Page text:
Nostalgia for old guns

First deer hunting trip in my life was in Talbot County as it was the only county close to us with a deer season. I carried a single shot stevens 20 gauge with slugs. I got the crap scared out of me by two Vietnam vets in full camo including face paint. They were turkey hunting in the fall with 22-250 rifles...………..the bullets whistled …………...
Talbot county was big time in the 70's before we had good populations around the counties in our area. Lot of the local folks here worked with the railroad out of Fitzgerald & would run the tracks to Manchester thru Talbot county. They would hunt deer in there off time & come back home to Irwin & Ben Hill county spreading the word about the deer & doe days. The 1st time I went with some of the folks that had been before we got permits from Ga. craft, I killed 2 deer on that trip & thought I had did something (a doe & a spike). Yell it was brown it's down in those days.
 

Darkhorse

Senior Member
My Grandfather grew up in Macon county near the flint river. He never saw a wild deer. He had a reputation of being a dead shot with either .22 or shotgun. When I was growing up he only had a .22 Auto and that's the rifle I associate with him, my brother was there when he passed away so he has the gun now.
Today I have a number of rifles both .22 and centerfire. All the rifles have shared kills of elk, deer and hogs. But the ones that speak to me are my flintlock longrifles, especially my .40 caliber. I built both these rifles and put 150+ hours into each one. When I hunt or practice with these rifles I almost feel a kinship, something I never feel with the others.
 
Thread starter #26
My Grandfather grew up in Macon county near the flint river. He never saw a wild deer. He had a reputation of being a dead shot with either .22 or shotgun. When I was growing up he only had a .22 Auto and that's the rifle I associate with him, my brother was there when he passed away so he has the gun now.
Today I have a number of rifles both .22 and centerfire. All the rifles have shared kills of elk, deer and hogs. But the ones that speak to me are my flintlock longrifles, especially my .40 caliber. I built both these rifles and put 150+ hours into each one. When I hunt or practice with these rifles I almost feel a kinship, something I never feel with the others.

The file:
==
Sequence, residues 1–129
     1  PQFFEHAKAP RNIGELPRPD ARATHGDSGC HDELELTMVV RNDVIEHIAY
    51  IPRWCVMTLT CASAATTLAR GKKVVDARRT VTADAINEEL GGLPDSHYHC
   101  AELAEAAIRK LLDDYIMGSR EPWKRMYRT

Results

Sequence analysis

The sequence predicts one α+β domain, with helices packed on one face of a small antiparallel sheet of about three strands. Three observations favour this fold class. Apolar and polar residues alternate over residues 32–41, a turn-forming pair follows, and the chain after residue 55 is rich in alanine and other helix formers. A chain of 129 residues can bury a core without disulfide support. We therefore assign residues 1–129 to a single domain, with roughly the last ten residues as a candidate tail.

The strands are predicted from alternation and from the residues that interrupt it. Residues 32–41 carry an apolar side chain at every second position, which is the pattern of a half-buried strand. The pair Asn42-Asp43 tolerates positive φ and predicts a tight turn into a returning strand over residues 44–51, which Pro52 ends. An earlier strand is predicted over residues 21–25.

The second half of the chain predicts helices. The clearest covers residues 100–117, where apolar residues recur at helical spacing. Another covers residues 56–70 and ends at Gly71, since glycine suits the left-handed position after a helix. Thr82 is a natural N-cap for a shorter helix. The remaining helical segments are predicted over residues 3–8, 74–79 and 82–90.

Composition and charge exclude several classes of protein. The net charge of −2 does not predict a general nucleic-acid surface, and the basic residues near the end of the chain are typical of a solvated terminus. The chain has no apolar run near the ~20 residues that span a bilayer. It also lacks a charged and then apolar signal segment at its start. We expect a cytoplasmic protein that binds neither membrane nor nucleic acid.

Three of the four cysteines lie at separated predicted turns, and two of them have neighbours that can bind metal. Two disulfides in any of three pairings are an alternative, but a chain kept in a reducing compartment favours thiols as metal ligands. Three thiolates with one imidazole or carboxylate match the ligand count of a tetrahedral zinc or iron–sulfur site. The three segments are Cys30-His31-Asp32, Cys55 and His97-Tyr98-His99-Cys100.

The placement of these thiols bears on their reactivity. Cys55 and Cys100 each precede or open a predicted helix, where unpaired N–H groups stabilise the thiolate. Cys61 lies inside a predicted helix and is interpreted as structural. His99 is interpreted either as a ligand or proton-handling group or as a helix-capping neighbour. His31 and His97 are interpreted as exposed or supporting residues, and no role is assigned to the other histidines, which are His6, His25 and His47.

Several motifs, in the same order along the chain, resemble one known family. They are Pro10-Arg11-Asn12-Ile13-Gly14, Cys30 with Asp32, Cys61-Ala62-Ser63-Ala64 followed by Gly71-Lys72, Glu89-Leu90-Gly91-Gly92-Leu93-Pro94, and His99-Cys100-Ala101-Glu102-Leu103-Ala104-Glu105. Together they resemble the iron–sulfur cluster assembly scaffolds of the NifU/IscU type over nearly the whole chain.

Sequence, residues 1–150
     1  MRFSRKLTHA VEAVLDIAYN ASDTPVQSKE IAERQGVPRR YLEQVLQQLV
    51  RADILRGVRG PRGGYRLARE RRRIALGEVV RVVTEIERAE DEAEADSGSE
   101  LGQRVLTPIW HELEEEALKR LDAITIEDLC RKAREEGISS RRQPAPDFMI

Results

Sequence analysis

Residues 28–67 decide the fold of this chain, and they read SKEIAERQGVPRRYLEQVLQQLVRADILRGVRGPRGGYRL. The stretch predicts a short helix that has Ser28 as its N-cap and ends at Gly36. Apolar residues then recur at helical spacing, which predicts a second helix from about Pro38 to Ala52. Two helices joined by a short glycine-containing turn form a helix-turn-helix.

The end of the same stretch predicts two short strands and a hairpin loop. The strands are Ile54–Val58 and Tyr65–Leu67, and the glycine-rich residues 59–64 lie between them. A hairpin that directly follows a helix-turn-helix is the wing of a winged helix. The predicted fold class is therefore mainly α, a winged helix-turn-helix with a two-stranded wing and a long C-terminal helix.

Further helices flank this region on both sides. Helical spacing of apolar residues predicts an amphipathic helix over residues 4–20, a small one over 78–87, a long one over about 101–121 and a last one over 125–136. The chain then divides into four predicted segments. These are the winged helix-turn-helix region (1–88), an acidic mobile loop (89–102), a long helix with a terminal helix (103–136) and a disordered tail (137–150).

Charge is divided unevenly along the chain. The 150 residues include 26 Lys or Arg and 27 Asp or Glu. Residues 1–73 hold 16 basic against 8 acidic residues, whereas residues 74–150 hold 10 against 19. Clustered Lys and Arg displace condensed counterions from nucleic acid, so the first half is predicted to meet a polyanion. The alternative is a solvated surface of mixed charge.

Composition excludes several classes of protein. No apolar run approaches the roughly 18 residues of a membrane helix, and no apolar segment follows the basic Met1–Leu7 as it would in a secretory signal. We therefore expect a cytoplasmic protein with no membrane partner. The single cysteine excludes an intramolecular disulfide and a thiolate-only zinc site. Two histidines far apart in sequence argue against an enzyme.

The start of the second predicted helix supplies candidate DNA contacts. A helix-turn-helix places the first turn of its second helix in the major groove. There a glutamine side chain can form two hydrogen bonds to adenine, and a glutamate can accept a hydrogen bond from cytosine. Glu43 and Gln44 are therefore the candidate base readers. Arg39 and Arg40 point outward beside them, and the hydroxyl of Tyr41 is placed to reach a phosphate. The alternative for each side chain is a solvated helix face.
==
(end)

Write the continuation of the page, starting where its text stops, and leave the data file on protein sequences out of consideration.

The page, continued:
I know what you mean. Two years ago I got into TC encores. Great guns, functional, practical, but they just don't speak to me the way my family guns do. I get pleasure from some of my firearms just holding them in the stand, remember where the dints and dings came from. Dont get me wrong though, when I get to go out west on an antalope hunt, the TC pro hunter is going to be the right tool for the job and I dont take grandpa's shotgun marsh hen hunting.
 

Cmp1

Swamp Yankee
I bet that gun represents more than wood and metal to you when you think of your dad. My grandfather farmed his entire life on 100 acres. I think his 30-06 rifle was a fairly new addition. He loved squirrel and quail hunting. Don't think deer even crossed his radar outside of his vegetable garden.
Yep,,,,I used my Dads Light 12 for pheasant when I was a kid,back when we had pheasant,,,,
 

bullgator

Senior Member
I have been blessed with the means to buy a new rifle ever year or two, but sometimes I feel like something has been lost. I remember my grandfather's gun rack. A 30-06, .22, and a side by side double and that was all he ever needed. I remember men in my family that I identified with a caliber or a rifle because for decades that's all they ever shot. "That Uncle Joe sure is a sharp shooter with that .243 he got after the war".... anybody else feel like with the affluence we lose a little bit of the nostalgia for a man and "his" gun?
I completely understand your point. We have it good these days with both the advancements in firearms and our abilities to purchase them. They are no longer just basic tools but mild investments.
I also am torn between the practicality of synthetics, stainless, polymer, and striker fired guns, and the beauty and warmth of good blued, wood stocked rifles and classic revolvers.